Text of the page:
Liz, Five Months Before Impact Day
I arrived at the meeting place ahead of time, scoping it out for a possible ambush. I made sure I knew where all of the exits were, and anywhere someone might hide or eavesdrop. I checked obvious places for someone to plant surveillance devices, and mentally prepared three different escape routes.
It was a private city car park, the kind that requires keycard access to get in. I wasn’t provided one, but it didn’t stop me finding a small gap I could squeeze through. Presumably, it was a casual sort of initial test. If I couldn’t get to the meeting location, I probably wasn’t very good at my job.
Once I was satisfied I knew the area and could handle any situation that was thrown at me, I found a dark corner to hide in, and waited. It was uncomfortable and very, very boring, but carelessness is an express ticket to an early grave.
Eventually, the contact arrived. It was a middle-aged woman in a grey suit, with a grim expression and impractically long nails. I took in her gait, her frame, the lines of her clothing. She didn’t seem dangerous, or even armed. Still, I watched for a while longer.
She stopped beside a concrete pillar, and looked around. When she didn’t see me, she sighed, and checked her watch. Then she sighed again.
“I’m not late,” I said, stepping out of the shadows. She jumped, then tried to play it cool, smoothing down her suit.
Is this really the person Aidan was talking to?
“You’re the, uh, freelancer?” she asked, a slight quaver in her voice. “You look awfully young.”
“Yep,” I said, smiling at her.
“Right. Um, well. You know the terms?”
“I know what I need to know,” I said. “Except the details I’m here to get from you.”
“Yes. I’m sorry for insisting on meeting in person. It felt wrong to not talk to you face to face.”
“Whatever floats your boat,” I replied.
“Okay. The target is Jason Bradson. I wrote down his address for you.”
“Any special conditions?” I asked.
“I don’t understand,” she said.
“Right now all you’re telling me is that you want him dead,” I said. “That’s easy. Sometimes people want it to look like an accident, or they want to send a particular kind of message.”
“Oh. No, nothing like that,” she said. “I just want him dead.”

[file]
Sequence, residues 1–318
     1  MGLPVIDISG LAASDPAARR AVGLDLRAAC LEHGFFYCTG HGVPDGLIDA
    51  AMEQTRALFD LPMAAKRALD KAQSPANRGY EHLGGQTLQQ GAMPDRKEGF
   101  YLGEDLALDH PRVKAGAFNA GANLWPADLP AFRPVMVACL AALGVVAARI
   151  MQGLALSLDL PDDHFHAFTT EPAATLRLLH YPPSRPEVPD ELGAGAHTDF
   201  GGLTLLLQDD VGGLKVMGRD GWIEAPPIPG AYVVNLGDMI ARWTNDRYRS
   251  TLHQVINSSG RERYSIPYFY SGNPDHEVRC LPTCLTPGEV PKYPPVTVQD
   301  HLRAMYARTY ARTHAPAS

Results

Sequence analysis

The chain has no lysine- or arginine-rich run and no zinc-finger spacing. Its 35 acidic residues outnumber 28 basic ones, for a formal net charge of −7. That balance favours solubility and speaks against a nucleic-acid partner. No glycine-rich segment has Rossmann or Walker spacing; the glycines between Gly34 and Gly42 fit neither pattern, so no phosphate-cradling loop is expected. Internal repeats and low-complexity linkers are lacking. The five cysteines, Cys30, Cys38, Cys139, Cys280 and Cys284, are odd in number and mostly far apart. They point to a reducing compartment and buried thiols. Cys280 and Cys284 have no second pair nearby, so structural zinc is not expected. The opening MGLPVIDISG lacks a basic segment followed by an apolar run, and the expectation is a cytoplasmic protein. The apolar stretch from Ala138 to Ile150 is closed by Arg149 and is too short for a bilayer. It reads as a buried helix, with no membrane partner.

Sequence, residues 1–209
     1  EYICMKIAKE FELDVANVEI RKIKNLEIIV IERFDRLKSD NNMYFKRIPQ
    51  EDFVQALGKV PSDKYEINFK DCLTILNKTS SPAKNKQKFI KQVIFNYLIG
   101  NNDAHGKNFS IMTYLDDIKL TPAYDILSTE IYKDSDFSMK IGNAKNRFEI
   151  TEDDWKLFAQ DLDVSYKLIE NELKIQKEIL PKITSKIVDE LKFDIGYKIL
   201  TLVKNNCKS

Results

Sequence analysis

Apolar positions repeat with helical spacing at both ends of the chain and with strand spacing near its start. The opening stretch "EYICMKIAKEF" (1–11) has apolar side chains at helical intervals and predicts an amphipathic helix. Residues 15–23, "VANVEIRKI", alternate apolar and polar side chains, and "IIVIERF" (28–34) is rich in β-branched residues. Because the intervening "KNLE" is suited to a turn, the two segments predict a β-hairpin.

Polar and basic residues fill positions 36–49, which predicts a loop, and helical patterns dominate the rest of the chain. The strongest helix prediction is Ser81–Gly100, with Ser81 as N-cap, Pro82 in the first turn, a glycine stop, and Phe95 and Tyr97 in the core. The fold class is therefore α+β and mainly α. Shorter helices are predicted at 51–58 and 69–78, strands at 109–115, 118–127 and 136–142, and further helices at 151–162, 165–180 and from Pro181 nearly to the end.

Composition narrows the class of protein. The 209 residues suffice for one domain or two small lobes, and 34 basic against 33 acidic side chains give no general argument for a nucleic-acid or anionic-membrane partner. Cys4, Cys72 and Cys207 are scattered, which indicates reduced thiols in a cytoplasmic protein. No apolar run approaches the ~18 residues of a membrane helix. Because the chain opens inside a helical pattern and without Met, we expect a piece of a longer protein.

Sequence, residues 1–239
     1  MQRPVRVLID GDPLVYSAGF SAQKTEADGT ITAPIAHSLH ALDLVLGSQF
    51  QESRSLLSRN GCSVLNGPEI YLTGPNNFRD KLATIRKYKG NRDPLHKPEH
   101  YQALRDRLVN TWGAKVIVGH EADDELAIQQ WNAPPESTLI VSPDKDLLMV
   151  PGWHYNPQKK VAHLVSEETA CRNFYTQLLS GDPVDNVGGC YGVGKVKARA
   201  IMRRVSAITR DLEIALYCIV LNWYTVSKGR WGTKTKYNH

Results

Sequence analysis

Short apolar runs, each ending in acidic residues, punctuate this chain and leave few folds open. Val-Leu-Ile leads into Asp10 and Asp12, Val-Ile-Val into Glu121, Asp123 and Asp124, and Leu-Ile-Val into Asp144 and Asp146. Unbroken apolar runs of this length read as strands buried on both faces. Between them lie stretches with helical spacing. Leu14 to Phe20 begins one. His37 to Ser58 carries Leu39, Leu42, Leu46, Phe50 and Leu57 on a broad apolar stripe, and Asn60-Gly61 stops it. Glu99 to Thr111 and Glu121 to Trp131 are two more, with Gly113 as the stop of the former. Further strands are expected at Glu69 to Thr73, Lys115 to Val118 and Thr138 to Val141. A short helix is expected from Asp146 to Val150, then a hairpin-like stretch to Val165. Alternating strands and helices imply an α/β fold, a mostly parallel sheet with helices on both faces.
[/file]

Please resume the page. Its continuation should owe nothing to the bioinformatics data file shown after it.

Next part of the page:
“Do you… Do you want to know why?” she asked.
“Not particularly,” I replied.
“Our mutual friend will contact you when it’s done,” I said. “You won’t see me again. Well, so long as you hold up your end of the deal, that is.”
She visibly flinched.
I rolled my eyes.
“You can go now,” I said.
She just nodded, and left the way she came. I waited for her to leave completely before exiting the car park the same way I came in.
That was either the least professional contract ever or a very convincing ruse…
But why would she act so skittish and uncertain? I didn’t like any of it. As soon as I was a safe distance away, I called Aidan.
“Yo,” he said.
“I met your contact.”
“Who was she?” I asked. “She hardly seemed reliable… Are you sure she’s gonna deliver?”
“Dude, that was the CEO of the biggest defence contractor in the country,” he said.
“Unless she sent a decoy, but the end result is the same. She’s got the goods.”
“Alright. I’ll get it done, then.”
“You’re sure?” he asked, a note of caution in his voice.
“Do we need to have this conversation again?”
“No, no, it’s not that,” he said. “I just wanted to make sure everything seemed fine to you.”
“It seemed super weird to me,” I told him. “I’m gonna do some research first.”
“Is that not normal?”
“It’s generally harder to kill someone when you know more about them.”
“What if they’re a huge arsehole?”
“Statistically unlikely,” I told him.
“What? Most people are arseholes,” he said.
“Most people are people,” I said. “Very few deserve to die.”
“Fine, fine. Do your thing. Let me know if you need any help, but don’t make her wait too long.”
“You got it, boss.”
I hung up on him.
Time to figure out what’s going on here.
I did a quick map search for the nearest internet café, not wanting any compromising information in my own search history. Luckily, it wasn’t far. I made my way there on foot, signed in with a fake ID, and started researching my target, as well as the client.
Hours passed, and nothing came up. Finding them both was easy. The client was exactly who Aidan said she was, though by all accounts, the target was nobody at all. He was just a schmuck, a low-level manager of a supermarket. It didn’t seem like there was a professional reason to target him, so maybe personal?
Neither of them had kids, neither of them lived anywhere near each other. If they’d ever had a romantic connection, there was no record of it. Their work had never intersected, their families had no ties. There was nothing at all I could find.
I tried looking for any sign that either had changed their name, but their records dated as far back as their childhoods.
“Where’s the connection?” I muttered.
Rachel would be able to figure it out.
“Rachel can fuck right off.”
I kept digging. If there was a connection, a reason, it didn’t seem like I was going to find it publicly available. I left my computer long enough to buy a cup of low-quality coffee, pushed up my glasses, and prepared myself for round two.
Instead, I found a message on the computer. Someone had pulled up a text editor, and written a short message. I looked around, but nobody seemed to have moved. Nobody seemed to be paying attention, either.
“You were taking too long. I got bored. The answer is:
She deliberately picked a target with no connection. She’s testing Aidan because she expects a long term trade relationship.
You just wasted three hours.
“How did she—”
As I watch, the cursor blinks, and another sentence is typed out.
“Just keeping an eye on you~”
I turned off the computer, swallowed the last of my coffee in an angry huff, and stormed out of the internet café.
I needed to talk to Aidan.
Next Week:This Is Brilliant, Even For Me